But the bigger problem at this point is that a rap goofball just can’t achieve mainstream success. Young Dro’s pretty weird, Fonzworth Bentley’s hilarious, Lil B’s batshit crazy, 88 Keys made a really fucking funny concept-album, but none of these dudes will be superstars or even want to be superstars and if you’re not a superstar in rap right now or you don’t have this week’s co-sign from The New Music Cartel, you’re dead in the water. And that’s a shame.

Written by Brandon

May 30th, 2009 at 8:57 am

Posted in Uncategorized

Kneel Knaris’ Going Sane In a Crazy World: Rap Album of the Year

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Where most wizened, hard-ass rap albums end–with the song or two that drops the tough talk and allows the inward paranoia and depression to bleed through–is where Kneel Knaris’ eighteen-track trip through bipolar disorder, Going Sane In a Crazy World begins.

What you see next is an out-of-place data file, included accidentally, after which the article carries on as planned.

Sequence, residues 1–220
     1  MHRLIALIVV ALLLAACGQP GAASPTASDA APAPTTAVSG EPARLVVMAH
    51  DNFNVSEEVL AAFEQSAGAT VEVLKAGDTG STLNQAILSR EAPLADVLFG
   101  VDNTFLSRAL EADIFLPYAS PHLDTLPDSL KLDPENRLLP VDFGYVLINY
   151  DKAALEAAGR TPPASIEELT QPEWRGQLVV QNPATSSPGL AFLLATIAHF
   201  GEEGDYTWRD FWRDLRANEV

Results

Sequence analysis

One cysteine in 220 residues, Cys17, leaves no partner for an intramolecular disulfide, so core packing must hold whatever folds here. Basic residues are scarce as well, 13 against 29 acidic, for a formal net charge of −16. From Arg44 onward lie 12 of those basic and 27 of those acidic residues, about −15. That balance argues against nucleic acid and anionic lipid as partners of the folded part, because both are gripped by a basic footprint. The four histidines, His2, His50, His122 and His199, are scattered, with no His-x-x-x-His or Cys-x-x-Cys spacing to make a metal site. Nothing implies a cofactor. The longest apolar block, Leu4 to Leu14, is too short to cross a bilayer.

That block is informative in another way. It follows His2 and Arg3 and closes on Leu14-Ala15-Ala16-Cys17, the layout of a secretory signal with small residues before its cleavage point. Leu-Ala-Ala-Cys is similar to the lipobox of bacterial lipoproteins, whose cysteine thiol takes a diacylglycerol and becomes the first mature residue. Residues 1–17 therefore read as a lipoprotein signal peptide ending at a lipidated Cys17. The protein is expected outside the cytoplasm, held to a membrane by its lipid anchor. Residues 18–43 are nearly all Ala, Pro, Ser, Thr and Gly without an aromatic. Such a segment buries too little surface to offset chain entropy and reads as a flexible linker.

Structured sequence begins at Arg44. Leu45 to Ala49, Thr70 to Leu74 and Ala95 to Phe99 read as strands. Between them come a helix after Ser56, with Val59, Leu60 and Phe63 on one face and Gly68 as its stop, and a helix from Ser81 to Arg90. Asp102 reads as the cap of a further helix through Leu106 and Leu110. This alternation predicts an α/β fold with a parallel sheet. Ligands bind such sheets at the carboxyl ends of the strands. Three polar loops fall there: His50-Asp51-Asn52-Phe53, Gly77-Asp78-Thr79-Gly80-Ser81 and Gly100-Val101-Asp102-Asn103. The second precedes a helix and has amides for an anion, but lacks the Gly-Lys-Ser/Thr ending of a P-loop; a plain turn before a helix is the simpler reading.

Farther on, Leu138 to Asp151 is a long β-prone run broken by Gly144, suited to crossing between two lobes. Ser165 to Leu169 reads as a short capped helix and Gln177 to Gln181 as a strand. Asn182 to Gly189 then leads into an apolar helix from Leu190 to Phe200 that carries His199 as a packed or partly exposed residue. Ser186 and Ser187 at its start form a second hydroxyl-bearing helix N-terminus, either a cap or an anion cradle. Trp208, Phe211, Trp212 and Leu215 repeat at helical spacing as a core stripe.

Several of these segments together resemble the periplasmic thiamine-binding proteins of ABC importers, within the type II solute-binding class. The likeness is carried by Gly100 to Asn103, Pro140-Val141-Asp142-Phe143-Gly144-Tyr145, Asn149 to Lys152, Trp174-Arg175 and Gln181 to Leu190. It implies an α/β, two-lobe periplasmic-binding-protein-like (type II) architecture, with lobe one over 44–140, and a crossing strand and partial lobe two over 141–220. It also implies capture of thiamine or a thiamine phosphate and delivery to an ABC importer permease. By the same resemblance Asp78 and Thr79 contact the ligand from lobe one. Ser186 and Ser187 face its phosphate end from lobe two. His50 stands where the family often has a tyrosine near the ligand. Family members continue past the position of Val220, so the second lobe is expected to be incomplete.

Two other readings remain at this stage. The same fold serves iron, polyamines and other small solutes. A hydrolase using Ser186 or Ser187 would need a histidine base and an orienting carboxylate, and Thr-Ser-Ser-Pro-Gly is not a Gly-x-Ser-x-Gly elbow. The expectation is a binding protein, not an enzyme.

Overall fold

On the intro, “Prologue (Act I)”, Kneel’s hearty eloquence confesses A.A-style affirmations like “the person I fear the most is me” atop some medical soap opera piano twinkles but eventually, a fractured, waddling beat lets the flood of disclosures and revelations rush through and wash the relative tact away. “I fear God but the Devil’s taking over” Kneel announces, like he’s jumped from his seat at the weekly meeting and then adds, “Thoughts of suicide are better than staying sober”. This track’s a kind of throat-clearing (and maybe room-clearing) announcement as to what kind of album Going Sane is: one-note, dark, serious, confessional.

-”Never Gonna Make It”

But Knaris doesn’t forget this is a rap album and so he spits suicidal couplets with the passion of a Scarface or Killer Mike, not the lethargic mumbles of recent sad-sack hip-hop (Kanye or Kid Cudi). “Never Gonna Make It”, the album’s first proper song, is essentially a “diss track” only Kneel’s going at himself with the fervor usually assigned to an opponent in a cipher: “You ain’t never been paid to do a show/You ain’t never seen more than ten spins on the radio/You ain’t never sell more than twenty albums/All you ever do is hit the bar with Gerard, Troy, and Malcom/Sad sack of shit…”